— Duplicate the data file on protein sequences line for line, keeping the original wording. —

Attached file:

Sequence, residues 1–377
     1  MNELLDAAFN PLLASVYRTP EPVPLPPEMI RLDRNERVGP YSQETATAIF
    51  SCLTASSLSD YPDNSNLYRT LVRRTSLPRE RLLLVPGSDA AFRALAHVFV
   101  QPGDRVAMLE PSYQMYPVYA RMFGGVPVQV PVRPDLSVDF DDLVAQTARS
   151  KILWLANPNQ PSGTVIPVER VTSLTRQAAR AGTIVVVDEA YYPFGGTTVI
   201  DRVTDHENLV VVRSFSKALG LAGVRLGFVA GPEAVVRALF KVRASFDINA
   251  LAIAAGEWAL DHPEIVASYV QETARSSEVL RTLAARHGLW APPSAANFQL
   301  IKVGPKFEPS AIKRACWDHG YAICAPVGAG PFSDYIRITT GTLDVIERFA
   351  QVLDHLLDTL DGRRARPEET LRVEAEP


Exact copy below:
Sequence, residues 1–377
     1  MNELLDAAFN PLLASVYRTP EPVPLPPEMI RLDRNERVGP YSQETATAIF
    51  SCLTASSLSD YPDNSNLYRT LVRRTSLPRE RLLLVPGSDA AFRALAHVFV
   101  QPGDRVAMLE PSYQMYPVYA RMFGGVPVQV PVRPDLSVDF DDLVAQTARS
   151  KILWLANPNQ PSGTVIPVER VTSLTRQAAR AGTIVVVDEA YYPFGGTTVI
   201  DRVTDHENLV VVRSFSKALG LAGVRLGFVA GPEAVVRALF KVRASFDINA
   251  LAIAAGEWAL DHPEIVASYV QETARSSEVL RTLAARHGLW APPSAANFQL
   301  IKVGPKFEPS AIKRACWDHG YAICAPVGAG PFSDYIRITT GTLDVIERFA
   351  QVLDHLLDTL DGRRARPEET LRVEAEP